"We've known for a long time that the brain affects the body – that how you think, how you feel can change how your body functions," said Raison, also the Barry and Janet Lang Associate Professor of Integrative Mental Health at the UA's John & Doris Norton School of Family and Consumer Sciences. "I have been interested for years in the opposite, which is the impact that the body has on the brain."..

 

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Compassion Training as a Path to Genuine Happiness

Most of us seek happiness by approaching what we desire, avoiding what we dislike or fear…and ignoring all the rest.  Dr. Raison presents a radically different approach to enhancing well-being, one that embraces conflict and frustration as a means to produce internal changes linked to happiness. Derived from ancient Tibetan lojong Buddhist teachings, this approach has been secularized into a technique known as Cognitively-Based Compassion Training, or CBCT. Dr. Raison will introduce this technique and present evidence that compassion training has the potential to optimize emotional and physical health through a variety of interrelated effects, including improving emotional and biological stress responses, and enhancing the brain’s empathic responses to others in ways that might reduce depression.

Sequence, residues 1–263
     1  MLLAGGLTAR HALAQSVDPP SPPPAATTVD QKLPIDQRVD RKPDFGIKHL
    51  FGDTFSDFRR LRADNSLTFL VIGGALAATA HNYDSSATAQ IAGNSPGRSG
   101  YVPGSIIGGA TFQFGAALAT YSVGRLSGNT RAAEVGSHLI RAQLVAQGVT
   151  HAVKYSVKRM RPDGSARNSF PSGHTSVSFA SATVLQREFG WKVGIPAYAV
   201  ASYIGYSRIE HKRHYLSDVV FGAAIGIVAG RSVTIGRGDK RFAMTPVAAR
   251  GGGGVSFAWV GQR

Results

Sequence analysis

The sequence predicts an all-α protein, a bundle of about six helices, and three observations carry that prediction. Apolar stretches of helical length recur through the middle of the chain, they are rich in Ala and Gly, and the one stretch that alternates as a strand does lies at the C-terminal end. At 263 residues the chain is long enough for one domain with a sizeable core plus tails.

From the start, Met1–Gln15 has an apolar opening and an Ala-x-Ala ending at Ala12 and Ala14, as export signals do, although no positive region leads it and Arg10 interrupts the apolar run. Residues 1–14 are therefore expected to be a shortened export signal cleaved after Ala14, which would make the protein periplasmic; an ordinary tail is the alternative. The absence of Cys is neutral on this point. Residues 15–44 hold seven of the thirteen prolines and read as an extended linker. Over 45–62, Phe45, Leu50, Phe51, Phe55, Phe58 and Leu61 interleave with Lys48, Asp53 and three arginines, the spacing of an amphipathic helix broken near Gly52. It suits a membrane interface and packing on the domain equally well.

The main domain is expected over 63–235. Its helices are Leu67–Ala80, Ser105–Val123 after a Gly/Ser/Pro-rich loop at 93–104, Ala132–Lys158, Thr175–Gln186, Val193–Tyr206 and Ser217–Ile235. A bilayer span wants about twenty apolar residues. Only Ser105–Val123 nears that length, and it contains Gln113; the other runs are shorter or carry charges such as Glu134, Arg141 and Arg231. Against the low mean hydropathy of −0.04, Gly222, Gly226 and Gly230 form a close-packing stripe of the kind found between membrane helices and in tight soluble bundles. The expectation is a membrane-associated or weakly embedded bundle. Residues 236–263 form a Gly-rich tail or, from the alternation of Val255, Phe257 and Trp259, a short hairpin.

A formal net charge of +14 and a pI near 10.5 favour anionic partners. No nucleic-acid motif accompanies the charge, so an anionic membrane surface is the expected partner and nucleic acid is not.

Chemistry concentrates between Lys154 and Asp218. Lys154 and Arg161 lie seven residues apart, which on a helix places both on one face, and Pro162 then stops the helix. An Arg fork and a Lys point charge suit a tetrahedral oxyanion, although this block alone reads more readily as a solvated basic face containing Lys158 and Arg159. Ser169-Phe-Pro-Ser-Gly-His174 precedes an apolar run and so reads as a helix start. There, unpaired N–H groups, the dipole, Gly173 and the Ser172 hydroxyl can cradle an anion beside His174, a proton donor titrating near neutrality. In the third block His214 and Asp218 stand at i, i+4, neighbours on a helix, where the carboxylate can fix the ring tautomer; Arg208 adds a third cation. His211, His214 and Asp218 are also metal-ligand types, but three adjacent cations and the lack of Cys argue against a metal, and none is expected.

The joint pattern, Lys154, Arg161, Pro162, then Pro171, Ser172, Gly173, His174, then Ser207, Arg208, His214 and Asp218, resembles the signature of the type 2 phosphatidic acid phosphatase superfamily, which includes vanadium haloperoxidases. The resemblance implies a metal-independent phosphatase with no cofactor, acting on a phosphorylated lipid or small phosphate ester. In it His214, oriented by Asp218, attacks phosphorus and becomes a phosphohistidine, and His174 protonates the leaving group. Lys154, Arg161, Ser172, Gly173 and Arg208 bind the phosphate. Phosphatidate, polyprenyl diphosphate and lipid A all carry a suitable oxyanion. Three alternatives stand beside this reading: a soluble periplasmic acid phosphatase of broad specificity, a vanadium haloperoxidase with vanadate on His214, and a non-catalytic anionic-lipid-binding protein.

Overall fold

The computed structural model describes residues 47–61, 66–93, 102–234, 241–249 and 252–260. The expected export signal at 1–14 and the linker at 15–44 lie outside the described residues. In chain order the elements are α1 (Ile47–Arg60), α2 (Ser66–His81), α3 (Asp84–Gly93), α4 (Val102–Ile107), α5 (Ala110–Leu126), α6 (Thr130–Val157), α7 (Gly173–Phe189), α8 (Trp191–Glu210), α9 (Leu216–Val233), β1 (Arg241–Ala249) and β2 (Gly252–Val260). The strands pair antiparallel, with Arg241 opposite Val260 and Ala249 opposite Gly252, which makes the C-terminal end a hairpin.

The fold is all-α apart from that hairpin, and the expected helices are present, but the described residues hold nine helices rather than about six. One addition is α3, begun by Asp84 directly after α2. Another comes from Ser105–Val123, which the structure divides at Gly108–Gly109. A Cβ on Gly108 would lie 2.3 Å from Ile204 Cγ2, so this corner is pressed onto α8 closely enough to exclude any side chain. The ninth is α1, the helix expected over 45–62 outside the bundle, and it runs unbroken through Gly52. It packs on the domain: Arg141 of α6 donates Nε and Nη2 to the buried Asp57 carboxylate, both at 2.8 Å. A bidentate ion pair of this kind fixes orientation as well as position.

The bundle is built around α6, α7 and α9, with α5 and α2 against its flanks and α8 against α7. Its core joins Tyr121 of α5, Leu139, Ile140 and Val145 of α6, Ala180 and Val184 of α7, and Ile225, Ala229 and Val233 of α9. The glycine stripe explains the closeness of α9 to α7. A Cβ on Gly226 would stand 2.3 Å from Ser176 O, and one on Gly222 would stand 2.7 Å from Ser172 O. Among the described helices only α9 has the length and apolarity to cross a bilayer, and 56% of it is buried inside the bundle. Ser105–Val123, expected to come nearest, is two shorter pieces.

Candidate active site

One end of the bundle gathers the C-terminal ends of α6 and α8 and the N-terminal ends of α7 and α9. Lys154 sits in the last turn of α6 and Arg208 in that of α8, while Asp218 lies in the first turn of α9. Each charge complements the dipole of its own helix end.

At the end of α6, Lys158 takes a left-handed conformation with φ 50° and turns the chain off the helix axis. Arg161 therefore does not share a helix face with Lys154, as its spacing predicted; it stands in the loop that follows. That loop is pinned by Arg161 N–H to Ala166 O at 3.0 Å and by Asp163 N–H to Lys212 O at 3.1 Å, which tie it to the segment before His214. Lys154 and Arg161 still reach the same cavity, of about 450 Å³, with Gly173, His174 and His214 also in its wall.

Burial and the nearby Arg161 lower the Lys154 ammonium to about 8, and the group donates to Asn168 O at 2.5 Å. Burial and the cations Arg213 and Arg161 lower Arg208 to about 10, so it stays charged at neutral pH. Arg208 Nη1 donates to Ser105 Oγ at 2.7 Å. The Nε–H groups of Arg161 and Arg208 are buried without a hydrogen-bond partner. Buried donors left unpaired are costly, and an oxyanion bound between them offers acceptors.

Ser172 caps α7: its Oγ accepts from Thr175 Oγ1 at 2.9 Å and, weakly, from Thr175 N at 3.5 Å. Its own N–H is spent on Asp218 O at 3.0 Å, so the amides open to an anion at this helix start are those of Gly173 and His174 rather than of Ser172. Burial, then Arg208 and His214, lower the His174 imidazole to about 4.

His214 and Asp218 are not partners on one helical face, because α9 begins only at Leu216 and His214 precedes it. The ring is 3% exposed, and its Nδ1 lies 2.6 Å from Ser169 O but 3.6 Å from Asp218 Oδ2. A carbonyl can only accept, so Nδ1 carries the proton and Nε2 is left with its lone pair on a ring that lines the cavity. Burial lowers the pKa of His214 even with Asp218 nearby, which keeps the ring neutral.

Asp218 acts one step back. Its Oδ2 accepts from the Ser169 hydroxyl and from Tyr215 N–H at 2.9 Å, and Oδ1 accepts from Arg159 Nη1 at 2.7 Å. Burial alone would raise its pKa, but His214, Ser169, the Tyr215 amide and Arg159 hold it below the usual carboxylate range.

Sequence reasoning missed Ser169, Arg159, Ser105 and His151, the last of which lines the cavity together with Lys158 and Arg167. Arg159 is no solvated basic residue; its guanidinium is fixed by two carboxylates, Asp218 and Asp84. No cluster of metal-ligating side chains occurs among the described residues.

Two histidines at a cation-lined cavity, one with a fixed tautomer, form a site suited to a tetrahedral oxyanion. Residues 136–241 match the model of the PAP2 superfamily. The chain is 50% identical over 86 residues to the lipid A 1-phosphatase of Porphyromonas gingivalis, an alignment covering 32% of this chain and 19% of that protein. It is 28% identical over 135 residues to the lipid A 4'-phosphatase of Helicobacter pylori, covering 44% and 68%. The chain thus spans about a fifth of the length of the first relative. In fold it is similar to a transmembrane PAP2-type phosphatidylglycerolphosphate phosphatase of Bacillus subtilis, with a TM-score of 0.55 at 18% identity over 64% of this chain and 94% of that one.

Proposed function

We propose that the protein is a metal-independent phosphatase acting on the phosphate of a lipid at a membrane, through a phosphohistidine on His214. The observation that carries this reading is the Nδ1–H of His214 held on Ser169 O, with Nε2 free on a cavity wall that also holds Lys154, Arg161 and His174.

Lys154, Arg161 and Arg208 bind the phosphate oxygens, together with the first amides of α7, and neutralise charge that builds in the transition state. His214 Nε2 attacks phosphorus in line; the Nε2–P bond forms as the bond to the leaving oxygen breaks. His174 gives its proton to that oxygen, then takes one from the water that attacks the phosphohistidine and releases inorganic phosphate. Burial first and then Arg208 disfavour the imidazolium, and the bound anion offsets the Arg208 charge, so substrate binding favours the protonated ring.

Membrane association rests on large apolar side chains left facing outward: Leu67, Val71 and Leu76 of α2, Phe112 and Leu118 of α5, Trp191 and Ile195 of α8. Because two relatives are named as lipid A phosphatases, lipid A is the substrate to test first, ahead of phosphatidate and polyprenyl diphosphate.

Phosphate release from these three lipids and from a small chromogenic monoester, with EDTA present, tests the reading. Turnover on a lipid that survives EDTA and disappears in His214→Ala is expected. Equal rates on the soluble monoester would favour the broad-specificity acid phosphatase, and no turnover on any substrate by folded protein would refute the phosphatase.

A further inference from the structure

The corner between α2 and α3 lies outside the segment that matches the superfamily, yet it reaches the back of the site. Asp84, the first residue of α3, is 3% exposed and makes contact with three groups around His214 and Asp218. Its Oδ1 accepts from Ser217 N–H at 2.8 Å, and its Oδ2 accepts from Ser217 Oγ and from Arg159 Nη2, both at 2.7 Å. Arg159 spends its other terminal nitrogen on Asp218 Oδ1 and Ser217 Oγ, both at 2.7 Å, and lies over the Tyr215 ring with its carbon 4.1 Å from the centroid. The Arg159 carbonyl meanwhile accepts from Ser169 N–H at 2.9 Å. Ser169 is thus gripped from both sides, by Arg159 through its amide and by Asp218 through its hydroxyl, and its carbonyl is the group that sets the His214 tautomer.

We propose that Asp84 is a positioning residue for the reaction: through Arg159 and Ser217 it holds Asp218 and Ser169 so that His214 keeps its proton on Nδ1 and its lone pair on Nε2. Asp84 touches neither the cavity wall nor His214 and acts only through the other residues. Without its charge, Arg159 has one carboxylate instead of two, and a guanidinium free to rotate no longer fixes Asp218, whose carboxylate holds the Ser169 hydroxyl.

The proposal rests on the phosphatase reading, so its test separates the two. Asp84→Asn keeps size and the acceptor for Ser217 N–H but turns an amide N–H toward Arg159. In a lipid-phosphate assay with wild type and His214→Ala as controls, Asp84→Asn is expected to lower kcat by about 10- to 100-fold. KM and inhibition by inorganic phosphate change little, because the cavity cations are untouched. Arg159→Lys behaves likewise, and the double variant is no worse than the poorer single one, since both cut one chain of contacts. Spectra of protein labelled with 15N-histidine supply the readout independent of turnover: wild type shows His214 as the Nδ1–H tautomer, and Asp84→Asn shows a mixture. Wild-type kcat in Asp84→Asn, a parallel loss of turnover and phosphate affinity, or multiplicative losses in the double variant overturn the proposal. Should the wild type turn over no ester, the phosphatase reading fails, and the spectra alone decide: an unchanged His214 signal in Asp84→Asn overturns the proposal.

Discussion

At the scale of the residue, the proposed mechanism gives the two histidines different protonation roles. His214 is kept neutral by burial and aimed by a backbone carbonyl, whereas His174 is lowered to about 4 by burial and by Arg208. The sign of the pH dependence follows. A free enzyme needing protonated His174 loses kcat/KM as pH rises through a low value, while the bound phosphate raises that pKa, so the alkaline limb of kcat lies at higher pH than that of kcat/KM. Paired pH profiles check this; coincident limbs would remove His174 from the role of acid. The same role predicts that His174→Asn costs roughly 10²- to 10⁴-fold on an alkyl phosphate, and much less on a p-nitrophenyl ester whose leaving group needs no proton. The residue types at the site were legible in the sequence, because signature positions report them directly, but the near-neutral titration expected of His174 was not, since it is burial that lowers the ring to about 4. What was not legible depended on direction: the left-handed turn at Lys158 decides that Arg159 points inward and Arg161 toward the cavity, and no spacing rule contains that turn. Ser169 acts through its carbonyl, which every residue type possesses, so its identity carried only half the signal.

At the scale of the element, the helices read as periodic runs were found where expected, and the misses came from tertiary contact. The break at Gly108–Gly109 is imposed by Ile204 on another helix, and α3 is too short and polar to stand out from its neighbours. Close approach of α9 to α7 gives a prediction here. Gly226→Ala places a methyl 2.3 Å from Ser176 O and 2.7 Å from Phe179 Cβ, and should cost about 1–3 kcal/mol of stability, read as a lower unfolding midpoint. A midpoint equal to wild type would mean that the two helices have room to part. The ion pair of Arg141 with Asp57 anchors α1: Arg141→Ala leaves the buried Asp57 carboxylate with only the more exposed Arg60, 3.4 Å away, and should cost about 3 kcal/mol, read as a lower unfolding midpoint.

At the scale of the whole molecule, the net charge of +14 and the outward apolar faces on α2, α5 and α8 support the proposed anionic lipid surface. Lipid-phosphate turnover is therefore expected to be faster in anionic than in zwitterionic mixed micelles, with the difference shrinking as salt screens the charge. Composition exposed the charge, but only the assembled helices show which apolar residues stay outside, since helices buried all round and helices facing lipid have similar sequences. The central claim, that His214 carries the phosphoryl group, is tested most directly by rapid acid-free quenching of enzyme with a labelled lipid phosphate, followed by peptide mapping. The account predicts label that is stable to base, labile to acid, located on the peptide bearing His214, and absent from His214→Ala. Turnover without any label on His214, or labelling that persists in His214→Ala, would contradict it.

(Starts at 7:30)

Depression a 'Powerful' Risk Factor for Heart Disease in Young Women

Young women are twice as likely to suffer a heart attack or die of heart disease if they suffer from depression, a new study suggests in the Journal of the American Heart Association.
“For many people, antidepressants are very beneficial and help them get rid of the depression,” said Charles L. Raison, MD, associate professor of psychiatry at the University of Arizona. But he says treating the depression will not make cardiac disease disappear. Yet there is something that can reduce your depression and your heart health, Dr. Raison said: “Because you don’t know that treating one will treat the other, you want to treat both. The way to treat both is exercise.”